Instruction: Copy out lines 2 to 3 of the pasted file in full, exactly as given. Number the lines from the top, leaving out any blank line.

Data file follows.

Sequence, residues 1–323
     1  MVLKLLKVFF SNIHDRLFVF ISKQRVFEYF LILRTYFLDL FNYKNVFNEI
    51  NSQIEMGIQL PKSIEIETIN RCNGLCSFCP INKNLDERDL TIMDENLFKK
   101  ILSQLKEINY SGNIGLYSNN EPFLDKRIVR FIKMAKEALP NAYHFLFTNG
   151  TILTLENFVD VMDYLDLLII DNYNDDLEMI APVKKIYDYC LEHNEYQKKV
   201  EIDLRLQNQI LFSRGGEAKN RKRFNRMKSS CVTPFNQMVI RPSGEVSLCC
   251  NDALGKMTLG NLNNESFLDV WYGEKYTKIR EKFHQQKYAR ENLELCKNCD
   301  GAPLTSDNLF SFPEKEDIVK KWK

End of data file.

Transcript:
     1  MVLKLLKVFF SNIHDRLFVF ISKQRVFEYF LILRTYFLDL FNYKNVFNEI
    51  NSQIEMGIQL PKSIEIETIN RCNGLCSFCP INKNLDERDL TIMDENLFKK